“Ah, your fortunes,” Minnie nodded – yes, a momentary concession. That would disarm an opponent in the legal hustings, Papa-the-Judge advised, when he had guided Minnie in her studies of his old trials and in his volumes of Blackstone’s Commentaries. “Fortunes which are based primarily on agriculture and the export of cotton. But what of industry? Where are your armories, your factories – why must the raw materials produced in your plantations be shipped wholesale to the mills of England? Why must your fortunes depend on forced labor of Africans, imported under great hardship and cruelty? It is said that a sound tree will bear sound fruit, but a tree with roots in poisoned soil will bear naught but poisoned fruit. I would hold that slavery is the most poisoned soil of all!”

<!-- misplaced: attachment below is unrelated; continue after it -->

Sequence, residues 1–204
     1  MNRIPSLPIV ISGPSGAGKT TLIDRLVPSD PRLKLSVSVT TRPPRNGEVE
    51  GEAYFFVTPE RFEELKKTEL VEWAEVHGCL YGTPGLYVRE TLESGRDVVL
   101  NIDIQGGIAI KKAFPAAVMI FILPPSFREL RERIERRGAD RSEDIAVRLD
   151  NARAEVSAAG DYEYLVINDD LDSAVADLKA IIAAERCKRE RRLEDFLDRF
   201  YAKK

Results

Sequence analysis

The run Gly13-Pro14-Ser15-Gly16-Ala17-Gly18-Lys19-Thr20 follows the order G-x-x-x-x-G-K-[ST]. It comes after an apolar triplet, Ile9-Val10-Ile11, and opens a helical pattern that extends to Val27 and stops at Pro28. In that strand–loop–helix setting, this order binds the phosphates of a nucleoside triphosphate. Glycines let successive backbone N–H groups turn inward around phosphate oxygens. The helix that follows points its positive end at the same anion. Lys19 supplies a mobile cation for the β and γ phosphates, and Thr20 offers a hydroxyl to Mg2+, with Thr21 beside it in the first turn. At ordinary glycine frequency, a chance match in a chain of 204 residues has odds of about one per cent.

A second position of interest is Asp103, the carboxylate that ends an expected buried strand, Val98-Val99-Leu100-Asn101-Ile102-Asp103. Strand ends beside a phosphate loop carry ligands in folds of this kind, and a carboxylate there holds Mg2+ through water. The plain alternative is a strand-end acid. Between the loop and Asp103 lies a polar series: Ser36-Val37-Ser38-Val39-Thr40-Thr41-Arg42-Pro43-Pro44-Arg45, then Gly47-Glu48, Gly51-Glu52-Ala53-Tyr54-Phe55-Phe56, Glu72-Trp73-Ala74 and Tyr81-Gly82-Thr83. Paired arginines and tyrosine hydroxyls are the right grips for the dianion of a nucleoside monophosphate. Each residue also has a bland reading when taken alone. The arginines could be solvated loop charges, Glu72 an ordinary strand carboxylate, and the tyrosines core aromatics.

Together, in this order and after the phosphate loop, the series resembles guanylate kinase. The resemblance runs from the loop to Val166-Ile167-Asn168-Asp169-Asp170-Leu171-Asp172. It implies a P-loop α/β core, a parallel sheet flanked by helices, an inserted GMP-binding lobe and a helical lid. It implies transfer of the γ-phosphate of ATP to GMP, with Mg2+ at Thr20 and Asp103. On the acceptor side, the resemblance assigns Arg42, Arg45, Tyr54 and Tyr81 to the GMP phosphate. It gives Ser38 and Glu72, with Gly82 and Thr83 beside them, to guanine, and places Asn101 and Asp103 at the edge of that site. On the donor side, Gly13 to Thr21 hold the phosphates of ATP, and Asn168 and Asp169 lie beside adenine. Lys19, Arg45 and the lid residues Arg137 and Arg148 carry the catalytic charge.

“We do have industry in the South,” Captain Shaw spoke vigorously for nearly the first time in this exchange. “Behold – the chimneys of the Tredegar Iron and Locomotive Works! That must count for something, Miss Vining!”
“And that would be your only example?” Minnie tempered her exasperation, did her best to sound conciliatory. “Has the South nothing to equal the fabric mills of Lowell and Fall River, the Armory of Colonel Colt, a long-ranging transport project such as the Erie Canal, the iron works of Pennsylvania, New York and New Jersey? The Tredegar works are a fine one, indeed – the canal and basin for river commerce here in Richmond – but when the North has five or ten such enterprises for every single one in the South, you will forgive me, Captain Shaw, for not being entirely convinced of the advantages of the peculiar institution.”